Sun associate editor Trevor Kavanagh warned today that the Leveson Inquiry into phone-hacking appears to be "out to get the tabloids" who are seen as "uncultured, malpractised and unethical".
He asked why nobody with tabloid experience, "representing the overwhelming majority of readers and sales", is on the six-strong inquiry panel.
And he added: "Could it be that at least some of those scrutinising our activities are covertly, if not overtly, hostile to everything we stand for?"
Kavanagh was speaking at a seminar which is being held in advance of the inquiry-proper to bring Lord Leveson and the inquiry panel up to speed on issues around the press.
Kavanagh said: "I have had the privilege of knowing as friends and working alongside George Jones and Elinor Goodman for a quarter of a century. I know neither will demur if I recall their occasionally disparaging view of what George summed up this morning as the tabloids from 'down below'. It was an alarming moment for those who fear this inquiry is a Trojan Horse with an agenda."
Speaking to Daily Telegraph editor Tony Gallagher this morning, Jones had asked him whether pressure from "down below" had led him to pursue a more celebrity-focused news agenda.
Kavanagh said that as a jourrnalist on the Sun for 30 years "I wish to record my admiration for the sheer professionalism of gifted colleagues both at Wapping and among our rivals on other tabloids".
He said: "It is the tabloids that drive the daily news agenda. The Sun, for instance, breaks major world exclusives about politics, sport, the monarchy and the City which are not just interesting but in the public interest. They are followed almost without question by the broadsheets and the BBC.
"In today's climate, a great many of those stories would never see the light of day. The nation would be all the poorer."
Kavanagh said that the Sun's greatest achievement of recent years had been leading opposition to Britain joining the Eurozone.
"We have been condemned for cheque-book journalism. Yet I understand the best story in recent years – MPs expenses – was bought and paid for by the Daily Telegraph, not by a tabloid.
"Would Human Rights judges have stopped it being published if MPs had got wind of it early enough? And would that have been in the public interest?
"Publishing news is not a public service. It is a ferociously competitive industry in a rapidly shrinking market. But we do provide a public service. We turn complex subjects – politics, commerce, war – into crisp easily-understood copy."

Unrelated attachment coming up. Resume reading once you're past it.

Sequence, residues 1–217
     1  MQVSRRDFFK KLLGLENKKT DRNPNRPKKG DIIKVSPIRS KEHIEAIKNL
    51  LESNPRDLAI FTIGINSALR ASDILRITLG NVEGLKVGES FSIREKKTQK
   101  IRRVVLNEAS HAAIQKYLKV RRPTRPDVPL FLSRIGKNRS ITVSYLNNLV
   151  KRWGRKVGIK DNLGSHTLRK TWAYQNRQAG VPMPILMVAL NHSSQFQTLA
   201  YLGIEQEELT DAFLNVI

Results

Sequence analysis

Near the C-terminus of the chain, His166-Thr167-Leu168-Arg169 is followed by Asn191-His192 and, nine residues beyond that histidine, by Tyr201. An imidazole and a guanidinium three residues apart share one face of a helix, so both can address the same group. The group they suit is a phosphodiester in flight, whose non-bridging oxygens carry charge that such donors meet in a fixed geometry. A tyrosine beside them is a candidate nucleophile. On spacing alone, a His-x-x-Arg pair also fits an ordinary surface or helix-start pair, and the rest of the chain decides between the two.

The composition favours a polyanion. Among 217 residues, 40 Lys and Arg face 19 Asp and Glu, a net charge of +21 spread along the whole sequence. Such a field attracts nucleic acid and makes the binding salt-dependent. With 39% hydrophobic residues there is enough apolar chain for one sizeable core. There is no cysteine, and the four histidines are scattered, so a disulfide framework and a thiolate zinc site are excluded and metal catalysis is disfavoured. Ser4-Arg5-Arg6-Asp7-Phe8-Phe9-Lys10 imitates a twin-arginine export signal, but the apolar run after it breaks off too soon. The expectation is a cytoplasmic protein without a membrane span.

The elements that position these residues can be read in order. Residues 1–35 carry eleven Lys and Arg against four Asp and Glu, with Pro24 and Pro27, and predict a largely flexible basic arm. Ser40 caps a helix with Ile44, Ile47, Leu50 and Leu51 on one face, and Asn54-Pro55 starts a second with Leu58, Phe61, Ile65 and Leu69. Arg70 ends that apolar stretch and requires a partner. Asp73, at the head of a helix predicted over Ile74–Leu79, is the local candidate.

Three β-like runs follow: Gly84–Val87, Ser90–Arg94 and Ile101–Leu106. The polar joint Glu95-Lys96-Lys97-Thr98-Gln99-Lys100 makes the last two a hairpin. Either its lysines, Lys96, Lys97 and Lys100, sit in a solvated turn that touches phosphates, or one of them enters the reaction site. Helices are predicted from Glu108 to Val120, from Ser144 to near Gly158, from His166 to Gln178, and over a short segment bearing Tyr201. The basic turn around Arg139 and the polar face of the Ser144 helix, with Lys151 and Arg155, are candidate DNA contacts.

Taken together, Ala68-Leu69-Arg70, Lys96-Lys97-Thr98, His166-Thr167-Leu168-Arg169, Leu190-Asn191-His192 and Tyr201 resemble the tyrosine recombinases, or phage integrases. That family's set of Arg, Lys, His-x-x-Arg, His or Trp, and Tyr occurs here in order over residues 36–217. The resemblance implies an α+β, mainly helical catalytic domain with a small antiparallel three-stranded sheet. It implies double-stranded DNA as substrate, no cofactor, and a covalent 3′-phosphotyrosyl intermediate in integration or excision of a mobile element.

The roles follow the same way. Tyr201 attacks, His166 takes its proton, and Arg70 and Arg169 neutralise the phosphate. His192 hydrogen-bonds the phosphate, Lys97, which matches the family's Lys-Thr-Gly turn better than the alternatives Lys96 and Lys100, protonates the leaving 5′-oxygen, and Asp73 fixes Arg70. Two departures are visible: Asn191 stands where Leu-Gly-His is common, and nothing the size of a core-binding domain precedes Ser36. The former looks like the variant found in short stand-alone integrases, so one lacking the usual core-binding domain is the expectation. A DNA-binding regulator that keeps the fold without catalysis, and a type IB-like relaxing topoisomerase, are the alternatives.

Responding to former Daily Star journalist Richard Peppiatt's attack on tabloid culture from earlier in the day, Kavanagh said that "while it contained a few elements of truth it was a grotesque caricature of the newspaper world I have known for 50 years".
Kavanagh concluded: "I say all this not just to blow the tabloid trumpet, but to paint a picture of a vibrant and dynamic industry which despite all its flaws is a force for good. It continues to flourish despite some of the world's toughest libel laws.
"Journalists contend with secretive super-injunctions, an abuse of judicial power.
"Information is power. And local and national government, councils and quangos, go to great lengths to keep information to themselves, even when – especially when – it is in the public interest.
"Tony Blair described Labour's Freedom of Information Act as his greatest mistake. But even the doors opened by this legislation are being slammed shut by politicians and others who know how to get round it.
"Much government business is now conducted not on traceable paper but through email and mobile phone calls, on the hoof.
"The losers are not just diligent journalists but Her Majesty's Loyal Opposition and the civil servants who find legitimate 'usual channels' blocked.
"The biggest loser of all, if we go further down the road of regulation, is the British public.
"When dealing with politicians and increasingly the commercial and commercial lobbyists, it is worth remembering Jeremy Paxman's famous mantra: 'Why is this lying bastard lying to me?'
"It's a crude question, but it is the right point to start.
"Gagging the media on the pretext of the public interest is one way to ensure the public never learns the answer."
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